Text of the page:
These shrimp are not fussy about the type of plants in their tank, but they do prefer live plants. live plants will help to keep the water quality high and also provide the shrimp with a source of food.

Plants and decorations are important for black shrimp for a few reasons. First, they provide hiding places for the shrimp. Black shrimp are a timid species and like to have places to hide when they feel scared or threatened. Second, plants and decorations help to create a naturalistic environment for the shrimp. This can make them feel more comfortable and help them to thrive.

When choosing plants and decorations for a black shrimp tank, it is important to avoid anything that has sharp edges. Black shrimp are very delicate and can be easily injured by sharp objects. It is also important to avoid using chemicals or cleaners that contain toxins that could be harmful to the shrimp.

Some good plants to include in a black shrimp tank are java ferns, anubias, and mosses. These plants are all hardy and can tolerate a wide range of water conditions. They will also provide plenty of places for the shrimp to hide. Decorations such as driftwood, rocks, and caves can also be used in a black shrimp tank. Just be sure to avoid anything that is too small, as the shrimp could get stuck inside.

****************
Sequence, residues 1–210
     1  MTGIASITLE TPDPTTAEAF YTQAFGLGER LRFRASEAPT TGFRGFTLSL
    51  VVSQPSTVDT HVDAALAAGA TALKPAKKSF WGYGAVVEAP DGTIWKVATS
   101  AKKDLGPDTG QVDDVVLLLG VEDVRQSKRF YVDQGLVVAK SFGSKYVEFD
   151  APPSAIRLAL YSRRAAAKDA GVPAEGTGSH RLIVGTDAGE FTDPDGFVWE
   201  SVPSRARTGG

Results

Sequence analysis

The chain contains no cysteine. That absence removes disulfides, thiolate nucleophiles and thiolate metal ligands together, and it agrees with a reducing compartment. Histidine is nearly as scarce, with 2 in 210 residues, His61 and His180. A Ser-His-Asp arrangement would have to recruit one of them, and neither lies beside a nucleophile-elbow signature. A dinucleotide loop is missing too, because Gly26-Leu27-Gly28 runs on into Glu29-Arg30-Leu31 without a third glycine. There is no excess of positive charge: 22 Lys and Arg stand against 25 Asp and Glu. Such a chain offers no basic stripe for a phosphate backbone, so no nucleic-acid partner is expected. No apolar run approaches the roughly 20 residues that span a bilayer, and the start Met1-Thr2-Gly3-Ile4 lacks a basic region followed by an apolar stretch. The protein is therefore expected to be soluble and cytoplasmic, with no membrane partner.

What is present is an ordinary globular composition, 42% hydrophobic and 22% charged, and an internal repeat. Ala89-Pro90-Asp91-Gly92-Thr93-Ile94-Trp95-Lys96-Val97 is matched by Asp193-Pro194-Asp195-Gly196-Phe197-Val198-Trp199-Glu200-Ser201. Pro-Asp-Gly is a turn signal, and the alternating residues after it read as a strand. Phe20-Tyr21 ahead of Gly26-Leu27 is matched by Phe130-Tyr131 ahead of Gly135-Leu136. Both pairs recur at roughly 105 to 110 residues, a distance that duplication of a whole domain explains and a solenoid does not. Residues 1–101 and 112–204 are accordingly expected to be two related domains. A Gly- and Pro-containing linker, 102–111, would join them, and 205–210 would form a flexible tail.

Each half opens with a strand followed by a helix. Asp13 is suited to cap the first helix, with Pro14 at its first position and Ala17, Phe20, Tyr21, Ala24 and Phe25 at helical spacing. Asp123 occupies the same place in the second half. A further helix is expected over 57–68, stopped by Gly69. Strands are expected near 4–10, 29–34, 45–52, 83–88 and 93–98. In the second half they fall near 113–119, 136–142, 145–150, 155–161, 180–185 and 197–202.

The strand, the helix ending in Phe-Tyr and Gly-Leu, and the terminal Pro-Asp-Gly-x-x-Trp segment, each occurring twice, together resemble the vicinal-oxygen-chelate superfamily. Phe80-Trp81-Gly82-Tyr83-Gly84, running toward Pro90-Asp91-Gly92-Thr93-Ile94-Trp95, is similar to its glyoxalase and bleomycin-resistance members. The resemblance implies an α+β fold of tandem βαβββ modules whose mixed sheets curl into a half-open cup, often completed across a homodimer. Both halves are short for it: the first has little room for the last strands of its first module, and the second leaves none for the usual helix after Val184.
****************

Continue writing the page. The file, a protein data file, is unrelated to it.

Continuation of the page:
Crystal Black Bee shrimp are also not fussy about the type of substrate in their tank. They can live in both sand and gravel substrates. So, choose whatever you feel looks best in your shrimp tank.

What’s the Best Substrate for Crystal Black Shrimps?

Crystal Black Shrimp and Seaweed

I recommend using a dark color substrate in your shrimp tank. A dark substrate will make the colors of your Crystal Black Bee shrimp really pop. We also recommend using a substrate that is soft and sandy. This is because Crystal Black Bee shrimp are very delicate and can be easily injured by a substrate that is too hard or too sharp. Also, a soft substrate is much easier on their delicate gills.

Food & Diet

As each shrimp species has its own specific diet requirements, it is important to know what your Black Shrimp are eating. Black shrimp are filter feeders that eat small organisms suspended in the water column. In the wild, their diet consists of microscopic algae, bacteria, and other small organisms. In the aquarium, they can be fed a variety of foods, including live, frozen, and freeze-dried foods.